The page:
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Link – renewable energy
13 reports prove that expanding renewables will reduce natural gas prices Dr. Wiser 05 –Scientists and Policy Group at Lawrence
(Ryan “Easing the Natural Gas Crisis: Reducing Natural Gas Prices Through Electricity Supply Diversification Testimony Prepared for a Hearing on Power Generation Resource Incentives & Diversity Standards” Senate Committee on Energy and Natural Resources, 3-5-2005, http://eetd.lbl.gov/ea/ems/reports/Senate-Testimony.pdf)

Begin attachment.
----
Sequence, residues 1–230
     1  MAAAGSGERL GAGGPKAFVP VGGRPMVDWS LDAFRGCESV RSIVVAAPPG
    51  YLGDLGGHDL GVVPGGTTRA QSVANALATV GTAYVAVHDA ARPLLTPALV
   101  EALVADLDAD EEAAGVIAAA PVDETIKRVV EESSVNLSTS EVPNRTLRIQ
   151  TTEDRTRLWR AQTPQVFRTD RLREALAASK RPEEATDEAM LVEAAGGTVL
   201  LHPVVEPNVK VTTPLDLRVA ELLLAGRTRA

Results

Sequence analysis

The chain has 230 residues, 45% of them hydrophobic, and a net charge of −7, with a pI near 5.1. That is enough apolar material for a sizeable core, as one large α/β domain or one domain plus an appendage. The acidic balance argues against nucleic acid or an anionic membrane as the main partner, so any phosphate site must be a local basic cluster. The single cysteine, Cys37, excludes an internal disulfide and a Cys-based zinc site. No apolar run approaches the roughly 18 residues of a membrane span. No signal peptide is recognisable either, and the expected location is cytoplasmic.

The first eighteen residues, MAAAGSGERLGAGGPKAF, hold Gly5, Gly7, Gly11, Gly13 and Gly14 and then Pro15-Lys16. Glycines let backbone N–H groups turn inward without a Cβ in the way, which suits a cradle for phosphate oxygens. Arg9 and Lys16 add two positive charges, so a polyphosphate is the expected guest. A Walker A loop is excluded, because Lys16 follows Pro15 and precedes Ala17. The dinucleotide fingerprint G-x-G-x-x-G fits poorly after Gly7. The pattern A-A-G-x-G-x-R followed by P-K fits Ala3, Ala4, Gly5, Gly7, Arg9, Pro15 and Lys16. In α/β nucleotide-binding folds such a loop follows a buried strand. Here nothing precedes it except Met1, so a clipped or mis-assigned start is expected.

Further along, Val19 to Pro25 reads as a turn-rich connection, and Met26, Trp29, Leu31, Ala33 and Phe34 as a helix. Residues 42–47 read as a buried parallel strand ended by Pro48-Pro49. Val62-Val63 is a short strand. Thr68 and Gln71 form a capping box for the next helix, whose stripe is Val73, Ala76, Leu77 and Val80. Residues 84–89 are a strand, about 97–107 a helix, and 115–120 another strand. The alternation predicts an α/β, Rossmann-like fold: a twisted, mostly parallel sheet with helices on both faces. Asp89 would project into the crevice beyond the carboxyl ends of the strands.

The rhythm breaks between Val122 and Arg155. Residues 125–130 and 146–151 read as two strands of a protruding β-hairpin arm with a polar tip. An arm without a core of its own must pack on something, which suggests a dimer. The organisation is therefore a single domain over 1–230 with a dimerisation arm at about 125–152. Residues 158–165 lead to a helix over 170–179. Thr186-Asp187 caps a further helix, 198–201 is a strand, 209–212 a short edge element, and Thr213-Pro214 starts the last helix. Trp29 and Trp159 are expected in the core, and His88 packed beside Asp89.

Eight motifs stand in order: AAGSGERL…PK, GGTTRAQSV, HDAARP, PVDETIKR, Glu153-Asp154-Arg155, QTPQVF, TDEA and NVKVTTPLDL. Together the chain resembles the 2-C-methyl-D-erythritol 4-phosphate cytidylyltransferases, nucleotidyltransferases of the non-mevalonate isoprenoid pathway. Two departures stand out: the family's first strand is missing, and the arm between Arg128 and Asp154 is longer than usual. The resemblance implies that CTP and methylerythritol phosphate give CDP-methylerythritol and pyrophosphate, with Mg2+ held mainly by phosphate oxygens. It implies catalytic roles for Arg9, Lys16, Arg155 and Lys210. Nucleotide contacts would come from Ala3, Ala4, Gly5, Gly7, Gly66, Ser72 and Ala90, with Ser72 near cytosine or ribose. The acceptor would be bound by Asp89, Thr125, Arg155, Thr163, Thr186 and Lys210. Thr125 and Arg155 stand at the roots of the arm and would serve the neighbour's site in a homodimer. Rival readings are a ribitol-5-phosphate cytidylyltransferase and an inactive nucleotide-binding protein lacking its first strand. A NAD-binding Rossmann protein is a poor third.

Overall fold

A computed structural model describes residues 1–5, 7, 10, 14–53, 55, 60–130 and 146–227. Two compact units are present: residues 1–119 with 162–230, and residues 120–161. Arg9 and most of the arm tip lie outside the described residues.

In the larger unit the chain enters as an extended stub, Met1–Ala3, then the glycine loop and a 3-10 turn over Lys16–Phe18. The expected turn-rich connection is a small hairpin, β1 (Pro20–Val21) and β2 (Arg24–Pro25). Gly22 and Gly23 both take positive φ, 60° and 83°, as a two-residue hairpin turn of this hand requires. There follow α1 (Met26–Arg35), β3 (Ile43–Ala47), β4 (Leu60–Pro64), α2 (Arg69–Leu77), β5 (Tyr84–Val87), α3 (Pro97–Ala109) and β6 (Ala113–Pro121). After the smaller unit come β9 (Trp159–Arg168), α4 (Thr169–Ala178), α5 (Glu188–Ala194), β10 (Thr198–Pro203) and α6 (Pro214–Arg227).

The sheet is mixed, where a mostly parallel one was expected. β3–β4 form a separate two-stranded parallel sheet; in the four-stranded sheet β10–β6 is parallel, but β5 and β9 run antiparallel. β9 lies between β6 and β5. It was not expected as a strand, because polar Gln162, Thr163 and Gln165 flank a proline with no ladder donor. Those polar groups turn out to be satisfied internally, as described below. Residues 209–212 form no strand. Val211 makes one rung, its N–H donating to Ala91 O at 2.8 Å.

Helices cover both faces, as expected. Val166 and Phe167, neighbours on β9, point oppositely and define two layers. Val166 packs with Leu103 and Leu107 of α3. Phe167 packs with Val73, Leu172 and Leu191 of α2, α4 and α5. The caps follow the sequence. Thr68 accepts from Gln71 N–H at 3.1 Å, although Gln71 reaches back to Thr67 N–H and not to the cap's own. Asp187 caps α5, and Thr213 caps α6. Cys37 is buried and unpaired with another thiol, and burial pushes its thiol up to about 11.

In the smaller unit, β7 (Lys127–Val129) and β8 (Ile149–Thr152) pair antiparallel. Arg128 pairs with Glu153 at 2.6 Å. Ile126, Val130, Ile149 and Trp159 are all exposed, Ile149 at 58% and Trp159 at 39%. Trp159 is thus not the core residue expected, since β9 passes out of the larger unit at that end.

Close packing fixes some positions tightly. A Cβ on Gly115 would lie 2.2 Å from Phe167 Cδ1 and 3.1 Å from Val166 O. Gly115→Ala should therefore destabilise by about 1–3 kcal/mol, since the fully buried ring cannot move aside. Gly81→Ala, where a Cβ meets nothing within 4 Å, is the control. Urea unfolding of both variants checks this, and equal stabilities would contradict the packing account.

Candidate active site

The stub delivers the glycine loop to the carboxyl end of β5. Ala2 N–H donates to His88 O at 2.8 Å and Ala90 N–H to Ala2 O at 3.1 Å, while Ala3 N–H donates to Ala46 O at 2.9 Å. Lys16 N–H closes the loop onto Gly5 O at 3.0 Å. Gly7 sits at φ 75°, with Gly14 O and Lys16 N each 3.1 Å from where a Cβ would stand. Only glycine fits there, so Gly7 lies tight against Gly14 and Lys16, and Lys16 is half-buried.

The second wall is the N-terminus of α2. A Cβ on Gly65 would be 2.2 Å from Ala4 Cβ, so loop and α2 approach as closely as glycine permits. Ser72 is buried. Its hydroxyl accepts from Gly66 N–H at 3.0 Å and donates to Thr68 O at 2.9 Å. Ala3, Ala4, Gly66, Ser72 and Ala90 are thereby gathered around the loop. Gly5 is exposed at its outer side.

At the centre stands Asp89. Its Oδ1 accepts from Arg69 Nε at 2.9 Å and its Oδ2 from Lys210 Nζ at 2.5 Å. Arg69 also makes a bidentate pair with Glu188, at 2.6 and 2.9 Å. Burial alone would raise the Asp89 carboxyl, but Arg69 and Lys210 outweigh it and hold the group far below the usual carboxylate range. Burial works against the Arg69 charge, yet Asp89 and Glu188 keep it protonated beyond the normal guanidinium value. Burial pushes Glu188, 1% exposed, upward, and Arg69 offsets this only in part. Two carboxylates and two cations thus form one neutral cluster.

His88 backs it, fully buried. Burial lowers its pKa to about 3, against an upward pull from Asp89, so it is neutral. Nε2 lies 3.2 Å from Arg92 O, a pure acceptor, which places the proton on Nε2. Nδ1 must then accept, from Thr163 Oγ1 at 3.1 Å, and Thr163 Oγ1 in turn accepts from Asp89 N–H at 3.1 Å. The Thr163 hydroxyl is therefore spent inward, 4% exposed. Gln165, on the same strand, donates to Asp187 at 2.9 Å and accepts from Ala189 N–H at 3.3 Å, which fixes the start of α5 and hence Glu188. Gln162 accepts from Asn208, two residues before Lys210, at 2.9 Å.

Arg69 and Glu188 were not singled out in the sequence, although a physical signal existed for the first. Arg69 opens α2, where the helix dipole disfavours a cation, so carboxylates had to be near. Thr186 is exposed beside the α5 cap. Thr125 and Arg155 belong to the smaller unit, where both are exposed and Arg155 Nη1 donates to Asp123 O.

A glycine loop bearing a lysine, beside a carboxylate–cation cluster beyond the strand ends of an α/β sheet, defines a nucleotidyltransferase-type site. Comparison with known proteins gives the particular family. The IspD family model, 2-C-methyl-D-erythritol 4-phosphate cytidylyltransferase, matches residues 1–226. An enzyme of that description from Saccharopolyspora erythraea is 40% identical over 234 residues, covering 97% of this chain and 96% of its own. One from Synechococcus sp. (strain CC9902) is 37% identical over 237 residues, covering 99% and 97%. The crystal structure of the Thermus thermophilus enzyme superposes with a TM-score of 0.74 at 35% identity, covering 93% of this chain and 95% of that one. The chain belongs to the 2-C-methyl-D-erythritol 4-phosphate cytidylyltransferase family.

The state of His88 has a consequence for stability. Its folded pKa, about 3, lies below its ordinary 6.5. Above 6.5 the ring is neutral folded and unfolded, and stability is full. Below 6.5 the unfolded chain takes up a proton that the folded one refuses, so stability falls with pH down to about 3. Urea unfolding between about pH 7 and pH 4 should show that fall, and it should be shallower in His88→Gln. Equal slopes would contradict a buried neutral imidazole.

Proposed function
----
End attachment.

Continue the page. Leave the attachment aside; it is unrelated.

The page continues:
Elevated natural gas prices have emerged as a key energy-policy challenge for at least the early part of the 21st century. While our nation will continue to rely on natural gas, most agree that both supply-side and demand-side actions will likely be necessary to moderate prices. Focusing on just the demand side, our study has found that increased diversification of energy supplies should help to alleviate the threat of high natural gas prices over the short and long term, thereby reducing consumer natural gas bills. The thirteen studies and twenty specific modeling analyses reviewed in our report consistently show that increased use of renewable energy and energy efficiency can begin to reduce natural gas prices. Our report is the first to demonstrate that these results are broadly consistent with economic theory, results from other national energy models, and limited empirical evidence. Renewable energy reduces demand and price of natural gas UCS 05 (Union of Concerned Scientists, “Renewable Energy Can Help Ease Natural Gas Crunch”, August 26, http://www.ucsusa.org/clean_energy/clean_energy_policies/renewable-energy-can-help-ease-natural-gas-crunch.html) Renewable energy can reduce gas and electricity prices Because increased renewable energy use reduces the demand for natural gas, and creates new competitors to traditional power plants, increasing renewable energy would reduce natural gas prices. Achieving the 10 percent RES could reduce gas prices by 1.9 percent ($0.12 per million Btu) compared to business as usual in 2020. A 20 percent standard could reduce natural gas prices by as much as $0.25/million Btu, resulting in cumulative gas bill savings of $15 billion (Fig. 5) through 2025. Under current EIA forecasts, renewable energy begins to displace new coal-fired power plants (which become economically competitive) instead of natural gas facilities after 2020. As a result, renewable energy has less of an impact on natural gas prices in these later years, but it continues to provide total energy bill savings to consumers from lower electricity prices, and even greater air pollution reduction benefits. The analysis found that a 10 percent renewable standard would decrease electricity prices throughout the study period. Under a 20 percent standard, electricity prices would be lower than business as usual through 2018. Between 2019 and 2025, as renewable energy displaced more coal, electricity prices would increase slightly (7.0 ¢/kWh) compared to business as usual (6.9 ¢/kWh). Electricity prices under a 20 percent RES would still be 1.7 percent lower in 2025 compared to today’s prices. Cumulative electricity bill savings would reach $10.9 billion through 2025. New renewable energy policies will displace Liquefied Natural gas UCS 7 (Union of concerned Scientists, “Renewable Electricity Standard FAQ” http://www.ucsusa.org/clean_energy/clean_energy_policies/the-renewable-electricity-standard.html#6) How would the RES affect national energy security? Much of the U.S. energy system—power plants, dams, refineries, pipelines, tankers, and the electricity transmission grid—presents significant safety and security risks. Renewable energy facilities are small, geographically dispersed, and do not require transporting or storing radioactive or combustible materials. Increasing renewable energy would reduce the number of vulnerable facilities over time. Renewable energy can also reduce the need to expand imports of liquefied natural gas (LNG). LNG imports from non-NAFTA countries, including some OPEC members—Algeria, Indonesia, Iran, Nigeria, and Qatar—are projected to grow from less than 1 percent of gas supply today to up to 12 percent by 2010. Renewable fuels can also displace oil. Among the experts calling for a federal RES to increase energy security are James Woolsey, former head of the CIA, Robert McFarland, former national security advisor to President Reagan, and Admiral Thomas Moorer, former head of the Joint Chiefs of Staff.